Race Report: Morocco’s Titan Desert Stage Race

Screaming donkeys, joyful children and snowcapped peaks all part of the Moroccan adventure

Race Coverage Travel

Photos by Marc Gasch/Titan Desert

I’m sitting in Northern Africa in an air conditioned press office. Last night, I slept in a shelter called a Haima made of carpet like material, held up by sticks. Today was Stage 1 of the Titan Desert Stage Race, a six day, 710 kilometer mountain bike race through the Atlas Mountains and Sahara Desert. I have an inkling that it will be the hardest race I’ve ever done.

Today, we rode 77 miles. It was much harder than I was expecting, taking me 5 hours, 47 minutes second place among the women and 65th in the general classification of 423 riders. The start was fast in our pack with even a couple ex-Tour de France riders in the mix. My legs felt like they were blocks of concrete under water. I spent the last few days before the race in Barcelona, Spain getting used to the 9 hour time difference, but I admittedly spent too much time walking around (about 10 miles a day), but I couldn’t help myself.

Photo by Marc Gasch/Titan Desert

Instead of flogging myself into a useless oblivion, I decided to keep my nose out of the wind and ride with a group. I still have about 375 miles to conquer in the remaining five stages. I’ve heard people criticize the Titan Desert because of the pack riding. I’ve got news for you, if you leave North America to do a stage race, the vast majority of them consist of dirt road riding with little bits of singletrack. We don’t know how good we have it in North America! Don’t underestimate the dirt roads; I was very thankful to be on my new Canyon Lux full suspension. I’ve been racing a 29er hardtail the last couple of years and being punished on rough terrain. The roads are not beautiful IMBA singletrack, but loose, choppy, steep, and demand attention.

Photo by Marc Gasch/Titan Desert

I was amazed at the views of the unexpected views 14,000-foot mountain peaks. We rode across Jaffar Pass at 7,000-feet with bright yellow flowers, and looming snowcapped rocky peaks. I even got a small taste of technical riding up a narrow riverbed sandwiched in between 2 massive canyon walls reaching up thousands of feet. I admit that I was thankful for a few short pavement sections.

The grand views and landscape was just one element of today’s stage. What touched me the most were the Moroccan people. There were children lining the streets when we went through tiny villages screaming and wanting high fives. I looked around me to see scattered dilapidated shacks made of mud and straw. These people had nothing, but you’d never guess that if you saw the joyous children. It made me sad to think that they probably will not have the opportunity to even ride a bike. Along the route, there were many flocks of sheep and goats with shepherds. There were donkeys with bunches of big sticks attached to them. And then I heard this strange sound. It sounded like a human trying to make a funny scream. I looked and it was a donkey! I heard it multiple times and could not help laughing out loud.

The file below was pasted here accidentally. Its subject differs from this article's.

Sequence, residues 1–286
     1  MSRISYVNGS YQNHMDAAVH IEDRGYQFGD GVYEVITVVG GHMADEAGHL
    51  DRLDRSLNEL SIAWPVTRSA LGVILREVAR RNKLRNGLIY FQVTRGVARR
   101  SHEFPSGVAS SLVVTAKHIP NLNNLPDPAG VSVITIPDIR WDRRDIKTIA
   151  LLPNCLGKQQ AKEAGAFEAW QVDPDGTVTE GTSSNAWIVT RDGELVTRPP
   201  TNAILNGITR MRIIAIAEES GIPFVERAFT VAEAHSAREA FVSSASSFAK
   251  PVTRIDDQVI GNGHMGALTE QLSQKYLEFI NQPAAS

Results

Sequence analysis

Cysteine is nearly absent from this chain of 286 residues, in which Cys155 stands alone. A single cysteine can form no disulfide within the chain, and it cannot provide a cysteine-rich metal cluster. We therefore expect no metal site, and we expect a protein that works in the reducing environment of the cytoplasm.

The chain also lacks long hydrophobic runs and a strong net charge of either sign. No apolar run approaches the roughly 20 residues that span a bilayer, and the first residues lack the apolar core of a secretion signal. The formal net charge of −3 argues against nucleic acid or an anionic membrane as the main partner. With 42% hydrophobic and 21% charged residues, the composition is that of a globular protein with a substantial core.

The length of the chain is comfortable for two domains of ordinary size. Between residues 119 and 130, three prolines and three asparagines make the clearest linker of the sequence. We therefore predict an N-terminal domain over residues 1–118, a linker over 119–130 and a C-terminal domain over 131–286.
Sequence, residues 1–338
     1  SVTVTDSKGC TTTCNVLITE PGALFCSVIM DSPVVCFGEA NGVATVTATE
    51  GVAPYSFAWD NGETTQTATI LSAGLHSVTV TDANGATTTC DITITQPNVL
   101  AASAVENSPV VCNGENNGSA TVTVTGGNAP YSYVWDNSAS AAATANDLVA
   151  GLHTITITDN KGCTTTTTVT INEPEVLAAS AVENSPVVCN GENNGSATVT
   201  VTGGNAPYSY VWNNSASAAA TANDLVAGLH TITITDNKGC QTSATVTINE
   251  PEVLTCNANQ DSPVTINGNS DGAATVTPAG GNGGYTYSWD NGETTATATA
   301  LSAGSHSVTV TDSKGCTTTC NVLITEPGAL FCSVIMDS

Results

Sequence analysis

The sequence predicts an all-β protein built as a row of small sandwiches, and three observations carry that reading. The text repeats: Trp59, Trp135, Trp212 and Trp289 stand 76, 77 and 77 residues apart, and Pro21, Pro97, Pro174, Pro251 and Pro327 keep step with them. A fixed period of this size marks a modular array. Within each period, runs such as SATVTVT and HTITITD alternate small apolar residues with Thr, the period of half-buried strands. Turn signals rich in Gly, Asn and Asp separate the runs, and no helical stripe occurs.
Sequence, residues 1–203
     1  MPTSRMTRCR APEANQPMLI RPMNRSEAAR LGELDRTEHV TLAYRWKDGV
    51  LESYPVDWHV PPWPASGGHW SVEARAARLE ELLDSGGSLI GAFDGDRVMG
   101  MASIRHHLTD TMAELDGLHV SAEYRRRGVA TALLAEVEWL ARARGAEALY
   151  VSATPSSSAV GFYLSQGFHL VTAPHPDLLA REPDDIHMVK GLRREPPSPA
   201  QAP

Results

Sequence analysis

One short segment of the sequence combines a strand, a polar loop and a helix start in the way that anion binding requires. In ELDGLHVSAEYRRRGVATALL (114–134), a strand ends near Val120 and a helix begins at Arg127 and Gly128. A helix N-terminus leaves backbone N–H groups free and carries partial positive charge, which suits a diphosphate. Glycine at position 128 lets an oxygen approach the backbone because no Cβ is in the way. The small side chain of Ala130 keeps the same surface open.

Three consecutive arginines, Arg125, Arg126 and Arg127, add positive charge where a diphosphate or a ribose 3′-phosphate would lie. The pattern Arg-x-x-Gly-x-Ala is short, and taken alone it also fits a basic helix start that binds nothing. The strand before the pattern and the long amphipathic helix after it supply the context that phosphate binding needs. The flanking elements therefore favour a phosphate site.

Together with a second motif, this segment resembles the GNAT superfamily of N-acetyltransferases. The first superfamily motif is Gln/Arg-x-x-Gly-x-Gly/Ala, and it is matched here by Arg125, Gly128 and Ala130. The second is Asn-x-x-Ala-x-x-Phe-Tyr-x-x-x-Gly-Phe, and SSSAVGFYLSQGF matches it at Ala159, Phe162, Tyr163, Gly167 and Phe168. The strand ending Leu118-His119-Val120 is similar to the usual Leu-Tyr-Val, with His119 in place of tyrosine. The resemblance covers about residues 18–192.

Photo by Marc Gasch/Titan Desert

Tomorrow will have an interesting twist. It has a bikepacking element. We will be provided with a giant shelter for all 423 riders to share. There will be food provided, but we must be 100-percent self-sufficient in every other way. That means I’ll be schlepping my sleeping bag, sleeping pad, clothes, sports nutrition and kit for the next stage, down jacket, pants, etc. I have a giant saddle bag made by Revelate Designs from my CTR attempt I’ll be using. I admit I’m kind of excited, but I hope my legs feel a bit lighter. It’s supposed to be cold tomorrow night at 6,000-feet where we will be sleeping. I’m here for the adventure, and I’m definitely going to get it! I also changed my XX1 gearing. It’s complicated at stage races.

The later days in the race will change completely. I’ll trade bleating donkeys for camel grunts, the mountains will turn into sand dunes, and we’ll be riding in the Sahara Desert. I’ll let you know how the bikepacking stage goes; it’s 86 miles. Stage 3 is the queen stage clocking in at 92 miles. I’ll be reporting again after Stage 3. Morocco is going to beat me into shape!

Race Report: Morocco’s Titan Desert Stage Race Part 2 »
Race Report: Morocco’s Titan Desert Stage Race Part 3 »

About the author: Sonya Looney

It’s energy and attitude that have propelled World Champion Sonya Looney on a mountain bike across the rugged Himalayas, through sweltering sand dunes of the Sahara Desert, and through the clammy jungles of Sri Lanka. Sonya Looney is an adventure traveler on a bike seeking out the hardest races in the most remote, beautiful, and interesting places in the world. She believes in pushing limits because that’s when you realize you are far more capable than ever imagined. Sonya is also a professional speaker, keynoting at large conferences and has spoken at TEDx. Don't let her accolades fool you though, she loves craft beer and joking around. Follow her on social media!

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  • Art says:

    Well done Sonya! I can’t wait to hear about the bikepacking stage, you’ll need a growler cage of course.

  • Win says:

    Sonya you’re my hero! Best of luck getting through the rest of the race

  • Ruben gonzalez says:

    hey , girl it’s me Dj spider sounds like you had a blast in north Africa , I never thought you would be traveling 450 miles !!!!!!!!!! on a mtb wow .What did you eat a piece of fish . oh yah I felt your spirit laughing at that donkey silly girl , love you hope to see you soon …….jah rastafari ever living ….

  • Sonya says:

    Thanks guys!! More reports coming soon!

  • Learux says:

    Good Luck. I admire what you are doing out there.

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